The story was characterised by the infamous line: “if Shatter thinks you’re screwing him, you’re finished”, which was delivered by Oliver Connolly, the ‘confidential recipient’ appointed to support whistleblowing within the Garda. Significantly, the McCabe story also highlighted the friendly relationship between Shatter and Garda Commissioner Martin Callinan – one, it appeared, which was quite conducive to ensuring that McCabe’s “disgusting” claims were sidelined.

Last month, the Government appointed Judge Iarfhlaith O’Neill to review four reports from within the Garda on the treatment of whistleblower Maurice McCabe. Clare Daly has told the Dáil he has failed to request material from Garda whistleblowers in his review. He is due to report shortly.

Interestingly, the confidential recipient system was called into question by another Garda whistleblower, John Wilson. Wilson brought information to Connolly regarding apparent misuse of the Pulse system and its targeting of Ian Bailey, a suspect in the Sophie Toscan du Plantier case. He claimed that the amount of attention focused on Bailey was disproportionate to his status in the investigation and that “it is totally inappropriate for police to be scrutinising citizens without good cause”.

Wilson further suggested that such attention would likely have to have been assigned from a high level. Connolly, however, did not reply to his contact, surprising Wilson who saw him as “an honourable and decent person”. Wilson had a dead rat tied to his door for his efforts.

Connolly was yet again implicated in the warning off of gardaí bringing claims to him. Fianna Fáil TD John McGuinness revealed that he had been contacted by a female Garda alleging sexual harassment and that part of Connolly’s response to the Garda in question was that “the last man who used the service was now washing cars in Navan”.
And that’s without mentioning the recent strike and dysfunctional Garda Representative Association.
In the interests of rats and car-washers everywhere, by common consent, the Garda Commissioner should be rendered accountable to a streamlined Garda Ombudsman, and the Ombudsman should have powers to conduct investigations on its own initiative.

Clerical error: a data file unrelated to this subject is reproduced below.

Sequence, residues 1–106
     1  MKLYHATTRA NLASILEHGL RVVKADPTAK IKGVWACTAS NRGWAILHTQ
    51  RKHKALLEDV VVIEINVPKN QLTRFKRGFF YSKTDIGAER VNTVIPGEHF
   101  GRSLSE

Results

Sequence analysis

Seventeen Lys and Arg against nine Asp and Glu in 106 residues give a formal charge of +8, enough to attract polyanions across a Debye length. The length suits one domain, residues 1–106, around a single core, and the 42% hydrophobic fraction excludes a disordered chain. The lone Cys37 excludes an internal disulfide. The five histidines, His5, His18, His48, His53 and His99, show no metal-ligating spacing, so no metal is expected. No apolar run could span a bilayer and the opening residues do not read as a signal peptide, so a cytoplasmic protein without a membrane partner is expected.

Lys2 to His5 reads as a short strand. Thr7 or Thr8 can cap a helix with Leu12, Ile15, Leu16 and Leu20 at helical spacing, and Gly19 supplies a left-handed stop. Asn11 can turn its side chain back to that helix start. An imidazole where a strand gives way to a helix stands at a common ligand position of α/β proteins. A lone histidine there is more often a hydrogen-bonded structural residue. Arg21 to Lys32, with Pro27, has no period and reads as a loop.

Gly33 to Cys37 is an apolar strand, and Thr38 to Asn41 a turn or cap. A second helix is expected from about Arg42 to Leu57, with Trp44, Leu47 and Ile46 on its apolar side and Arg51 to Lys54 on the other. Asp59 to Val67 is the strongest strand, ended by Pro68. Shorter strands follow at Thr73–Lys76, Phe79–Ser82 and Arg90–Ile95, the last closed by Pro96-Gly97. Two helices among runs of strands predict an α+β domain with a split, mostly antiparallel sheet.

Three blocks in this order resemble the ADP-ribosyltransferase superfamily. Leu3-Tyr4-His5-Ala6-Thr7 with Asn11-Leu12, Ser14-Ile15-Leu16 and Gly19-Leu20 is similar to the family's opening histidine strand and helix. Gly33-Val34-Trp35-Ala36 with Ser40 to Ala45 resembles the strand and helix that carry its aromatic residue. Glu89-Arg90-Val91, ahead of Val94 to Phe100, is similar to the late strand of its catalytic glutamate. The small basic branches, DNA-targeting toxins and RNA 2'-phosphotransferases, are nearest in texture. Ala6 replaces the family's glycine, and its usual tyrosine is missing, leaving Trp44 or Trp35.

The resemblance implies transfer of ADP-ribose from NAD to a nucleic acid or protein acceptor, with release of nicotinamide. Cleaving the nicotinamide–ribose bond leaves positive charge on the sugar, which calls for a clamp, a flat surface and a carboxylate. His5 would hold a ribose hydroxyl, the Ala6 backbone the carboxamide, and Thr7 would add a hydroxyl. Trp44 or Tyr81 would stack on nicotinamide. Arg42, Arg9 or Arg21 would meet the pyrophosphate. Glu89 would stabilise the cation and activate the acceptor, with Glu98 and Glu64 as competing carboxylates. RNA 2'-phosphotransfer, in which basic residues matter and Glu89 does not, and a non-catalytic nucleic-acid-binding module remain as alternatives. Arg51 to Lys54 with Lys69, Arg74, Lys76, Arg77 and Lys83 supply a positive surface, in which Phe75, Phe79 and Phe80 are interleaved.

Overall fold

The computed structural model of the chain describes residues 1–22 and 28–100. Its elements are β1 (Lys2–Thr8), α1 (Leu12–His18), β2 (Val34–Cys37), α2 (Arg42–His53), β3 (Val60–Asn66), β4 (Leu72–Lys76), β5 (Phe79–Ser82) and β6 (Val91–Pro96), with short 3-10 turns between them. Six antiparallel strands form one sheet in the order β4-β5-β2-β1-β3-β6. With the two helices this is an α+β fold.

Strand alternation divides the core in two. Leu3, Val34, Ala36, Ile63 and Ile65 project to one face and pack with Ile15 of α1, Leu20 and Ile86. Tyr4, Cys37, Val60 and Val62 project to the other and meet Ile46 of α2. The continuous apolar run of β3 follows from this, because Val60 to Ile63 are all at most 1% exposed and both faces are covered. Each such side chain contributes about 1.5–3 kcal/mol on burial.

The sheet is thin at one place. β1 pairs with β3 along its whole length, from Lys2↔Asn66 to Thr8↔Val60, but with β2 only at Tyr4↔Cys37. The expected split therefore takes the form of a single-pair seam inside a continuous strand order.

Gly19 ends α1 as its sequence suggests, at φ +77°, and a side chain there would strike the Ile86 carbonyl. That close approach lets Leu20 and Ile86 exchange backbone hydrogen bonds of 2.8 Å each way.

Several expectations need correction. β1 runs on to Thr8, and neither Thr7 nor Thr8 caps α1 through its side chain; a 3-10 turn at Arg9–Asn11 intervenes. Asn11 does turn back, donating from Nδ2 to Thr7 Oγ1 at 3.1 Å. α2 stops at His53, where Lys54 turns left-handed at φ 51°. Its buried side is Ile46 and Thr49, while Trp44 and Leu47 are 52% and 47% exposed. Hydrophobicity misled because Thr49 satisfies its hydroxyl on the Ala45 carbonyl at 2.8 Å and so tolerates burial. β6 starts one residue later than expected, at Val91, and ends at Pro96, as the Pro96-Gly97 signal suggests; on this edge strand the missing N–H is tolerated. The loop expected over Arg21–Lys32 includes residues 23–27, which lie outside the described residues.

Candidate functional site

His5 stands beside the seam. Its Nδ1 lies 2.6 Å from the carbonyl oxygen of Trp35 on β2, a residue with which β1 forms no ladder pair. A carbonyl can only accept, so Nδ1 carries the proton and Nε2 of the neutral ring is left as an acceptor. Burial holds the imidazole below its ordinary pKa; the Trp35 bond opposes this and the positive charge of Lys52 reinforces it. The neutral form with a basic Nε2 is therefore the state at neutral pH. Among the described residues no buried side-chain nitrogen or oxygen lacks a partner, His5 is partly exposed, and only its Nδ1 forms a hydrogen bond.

The Judges

Nor are the Judiciary proper gatekeepers. All district judges should be barred from social interaction with the police. Failure to apply international principles for judicial appointments and the flouting of independent recommendations means in substance we have a narrow judiciary with far too defined ties to political parties.

In 2014 an unnamed judge of the District Court who has been accused by the former garda, John Wilson, of seeking to interfere with his efforts to blow the lid on the widespread cancellation of penalty points to the benefit of people with influence or connections with the force. The judge, who has previous form in making controversial statements about witnesses and solicitors in his court, criticised Wilson, a family friend, for raising the issue with TD, Clare Daly, whom he described as “a bitch” and whose arrest on a drink driving offence he described as “karma”. The beak was allegedly furious that Wilson had revealed publicly that another controversial judge, Mary Devins, had penalty points terminated, asking “what had she ever done to anybody?”. The judge made outrageous and unrepeatable comments, according to Wilson, about whistleblower, Maurice McCabe.

The great American jurist Jerome Frank, who also was a trial judge, wrote a provocative and brilliant text called ‘Law and the Modern Mind’ (1930). He argued that the outcome of a court case was not so much derived from the application of rules as from such factors as the prejudices of the trial judge. Now Frank did not mean prejudices in a totally negative fashion but in the sense of the presuppositions and cognitive bias that a judge brings to a case.

“A man’s political or economic prejudices are frequently cut across by his affection for or animosity to some particular individual or group, due to some unique experience he has had. (…) Those memories of the judge, while he is listening to a witness with such a twang or cough or gesture, may affect the judge’s initial hearing of what the witness said…..

At one time any reference to judges or judicial activity in the Oireachtas or by any politician was frowned upon. Recently latitude is afforded in parliamentary and public debate. Independents 4 Change TD Clare Daly’s made a speech in the Dáil in late October criticising how a minor speeding offence, which she admitted to, had been dealt with by a District Court judge earlier in the day. Daly labelled Judge Desmond Zaidan’s decision to issue a warrant as “ludicrous” and claimed he was “causing huge problems with regard to the administration of justice” more generally.